Paralyzed Gliding.

Here are just a few of the adventure sports that i have  found on the web. Wheelchair bound people really can do anything.

Checkout more at. http://www.disabledadventurers.com/

After spinal cord injury many feel compelled to fly. Gliding is one of the easiest ways for disabled folks to experience flght . On this quadriplegic gliding adventure, my friends lifted me from wheelchair to front seat of glider, ready to fly like a bird. We strapped my legs together, and after a flight brief, to the sky and beyond we went. Turbulence rocking the glider behind a powerful P75 tow plane skyward to a height of 3000 feet.

Me lifted into in the glider
Graham lifted into in the glider

The pilot behind me happened to be my sisters family doctor, handy if we crash I thought. With a loud bang, the kind nobody wants to hear in any type of aircraft, the towline was released from the nose of our glider. I had to ask if we were moving. For a few seconds we actually seem to be hanging in mid air. It felt like we were about to drop right out of the sky. The eerie silence was replaced by bustle as the glider sliced through the air building speed. Increasing pressure rushing over the clear perspex canopy.

With a 360 degree view of the landscape (if you don’t have quadriplegia with titanium metal plates and screws holding your neck together) we were gliding along peacefully admiring the scenery when we found a thermal updraft — a column of hot air rising from the ground — that occour over rocky ground or dry burnt out patches of ground. It’s amazing how much lift these thermals can generate.

My friend Bill ready to go gliding
Bill loaded ready to go gliding

At 2000 feet we spiraled upward returning to 3000 feet in a matter of minutes. “Now we can have some fun.” He says. “You know these things can do loop the loops, barrel rolls, and shandels?” I just had to ask…”What’s a shandel?” Tipping the nose cone downward we dove reaching 45 knots, air turbulence now rushing so fast over the canopy it was hard to hear the pilot. Pulling back hard on the stick we flew skyward again and just before stalling Doc spun he glider on tip of one wing repeating the maneuver several times over. “Okay, forget the barrel rolls,” I murmured.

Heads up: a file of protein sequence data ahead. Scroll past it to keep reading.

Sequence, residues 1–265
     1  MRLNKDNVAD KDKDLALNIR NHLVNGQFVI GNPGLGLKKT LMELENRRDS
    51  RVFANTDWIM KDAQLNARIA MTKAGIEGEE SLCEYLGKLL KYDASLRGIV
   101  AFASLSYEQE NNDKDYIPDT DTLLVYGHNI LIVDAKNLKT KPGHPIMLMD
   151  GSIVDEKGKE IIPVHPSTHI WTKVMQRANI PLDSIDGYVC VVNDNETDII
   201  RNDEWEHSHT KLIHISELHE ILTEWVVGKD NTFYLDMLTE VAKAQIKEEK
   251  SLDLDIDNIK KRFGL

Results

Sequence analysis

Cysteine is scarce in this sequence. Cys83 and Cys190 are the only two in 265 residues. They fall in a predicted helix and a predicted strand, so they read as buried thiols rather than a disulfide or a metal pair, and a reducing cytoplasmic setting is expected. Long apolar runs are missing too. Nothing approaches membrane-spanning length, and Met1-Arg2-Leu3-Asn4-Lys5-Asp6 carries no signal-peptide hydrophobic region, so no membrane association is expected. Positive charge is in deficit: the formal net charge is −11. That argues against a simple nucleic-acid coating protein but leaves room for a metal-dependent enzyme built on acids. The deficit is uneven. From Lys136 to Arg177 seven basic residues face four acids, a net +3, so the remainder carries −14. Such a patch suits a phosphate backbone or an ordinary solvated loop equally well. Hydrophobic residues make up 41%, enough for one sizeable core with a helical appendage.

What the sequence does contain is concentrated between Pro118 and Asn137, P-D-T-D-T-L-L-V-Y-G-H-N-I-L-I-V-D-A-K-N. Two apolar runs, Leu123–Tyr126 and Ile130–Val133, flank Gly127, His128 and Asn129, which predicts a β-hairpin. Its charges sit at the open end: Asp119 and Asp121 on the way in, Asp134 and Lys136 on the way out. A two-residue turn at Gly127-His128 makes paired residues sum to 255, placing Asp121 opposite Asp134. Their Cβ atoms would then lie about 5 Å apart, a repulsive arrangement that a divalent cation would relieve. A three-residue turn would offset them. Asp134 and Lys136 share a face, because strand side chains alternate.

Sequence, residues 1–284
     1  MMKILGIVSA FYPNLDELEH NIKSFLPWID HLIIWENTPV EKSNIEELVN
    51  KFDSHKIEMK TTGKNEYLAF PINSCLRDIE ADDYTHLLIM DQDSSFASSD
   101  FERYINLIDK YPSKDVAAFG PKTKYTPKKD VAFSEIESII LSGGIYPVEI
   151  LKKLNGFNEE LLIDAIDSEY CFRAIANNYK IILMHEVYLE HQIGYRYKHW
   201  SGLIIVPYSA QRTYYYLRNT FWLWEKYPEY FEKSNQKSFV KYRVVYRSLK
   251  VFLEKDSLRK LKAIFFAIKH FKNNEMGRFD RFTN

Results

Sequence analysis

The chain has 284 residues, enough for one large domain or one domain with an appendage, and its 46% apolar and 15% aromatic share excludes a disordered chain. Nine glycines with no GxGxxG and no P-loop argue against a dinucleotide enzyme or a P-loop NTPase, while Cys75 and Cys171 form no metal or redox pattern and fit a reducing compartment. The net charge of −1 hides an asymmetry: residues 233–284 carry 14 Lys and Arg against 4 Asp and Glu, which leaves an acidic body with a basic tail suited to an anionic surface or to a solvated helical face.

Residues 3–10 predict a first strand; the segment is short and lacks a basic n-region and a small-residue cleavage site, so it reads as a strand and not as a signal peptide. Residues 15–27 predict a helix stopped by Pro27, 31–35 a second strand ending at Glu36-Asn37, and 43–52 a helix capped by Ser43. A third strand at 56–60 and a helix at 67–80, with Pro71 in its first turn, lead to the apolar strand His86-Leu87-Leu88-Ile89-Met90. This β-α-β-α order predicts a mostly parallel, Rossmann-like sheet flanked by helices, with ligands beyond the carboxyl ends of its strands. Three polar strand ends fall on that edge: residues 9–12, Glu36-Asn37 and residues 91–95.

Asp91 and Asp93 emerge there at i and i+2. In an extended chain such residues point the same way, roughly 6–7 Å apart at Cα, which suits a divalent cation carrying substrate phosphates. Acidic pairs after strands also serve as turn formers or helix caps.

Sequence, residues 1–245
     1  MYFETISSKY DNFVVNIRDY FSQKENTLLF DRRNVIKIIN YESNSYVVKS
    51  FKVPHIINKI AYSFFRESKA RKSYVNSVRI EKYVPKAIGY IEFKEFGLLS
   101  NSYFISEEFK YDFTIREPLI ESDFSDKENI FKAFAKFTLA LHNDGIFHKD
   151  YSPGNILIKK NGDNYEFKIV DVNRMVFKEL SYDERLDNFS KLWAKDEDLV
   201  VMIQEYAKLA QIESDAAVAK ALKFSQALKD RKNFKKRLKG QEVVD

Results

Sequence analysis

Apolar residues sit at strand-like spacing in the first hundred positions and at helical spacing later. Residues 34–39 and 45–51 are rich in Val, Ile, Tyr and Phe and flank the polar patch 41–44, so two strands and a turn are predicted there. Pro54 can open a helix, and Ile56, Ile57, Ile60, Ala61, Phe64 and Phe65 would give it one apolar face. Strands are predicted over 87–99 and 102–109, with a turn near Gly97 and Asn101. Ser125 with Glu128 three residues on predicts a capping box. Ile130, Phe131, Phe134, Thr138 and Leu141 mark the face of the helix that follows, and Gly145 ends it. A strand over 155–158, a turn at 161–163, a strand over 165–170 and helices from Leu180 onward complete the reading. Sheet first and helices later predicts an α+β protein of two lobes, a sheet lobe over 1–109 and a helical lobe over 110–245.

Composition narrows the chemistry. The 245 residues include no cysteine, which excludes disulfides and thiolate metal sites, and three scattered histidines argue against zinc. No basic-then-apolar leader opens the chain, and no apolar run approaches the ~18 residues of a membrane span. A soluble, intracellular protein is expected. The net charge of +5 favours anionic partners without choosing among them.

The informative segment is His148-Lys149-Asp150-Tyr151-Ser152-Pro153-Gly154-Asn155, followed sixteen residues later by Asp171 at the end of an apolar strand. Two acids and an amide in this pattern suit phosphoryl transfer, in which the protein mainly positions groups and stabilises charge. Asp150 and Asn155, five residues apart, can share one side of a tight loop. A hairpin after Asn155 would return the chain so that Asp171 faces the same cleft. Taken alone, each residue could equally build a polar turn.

Bill a quadriplegic ready to fly
Bill in the glider.. at the controls!

Aerobatics can displace flaccid limbs. As the operators ask be sure to secure any personal items, cameras, jewellery, not forgetting your legs and urinary drainage devices, any special devices your disability requires. Most adventurous wheelchair users carry a roll of tape, velcro or some sort of strapping when heading out for a big weekend. I also suggest emptying any urinary collection devices prior to boarding.

If we go gliding again I’ll book flights for our carers. Serene or thrill-seeking it’s your call on this wheelchair gliding adventure. A really cool way for people with a spinal cord injury to leave their worries behind. Experience what it’s like to fly like an eagle soaring across the sky. Give your local gliding club a call. Get out there and spread your wings wheelchair thrillseekers.

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Posted on December 19, 2011, in Disability Related Links and tagged , , , , , , , , , , , , , , , , , . Bookmark the permalink. 1 Comment.

  1. Hi Mac, I am impressed with your blog!

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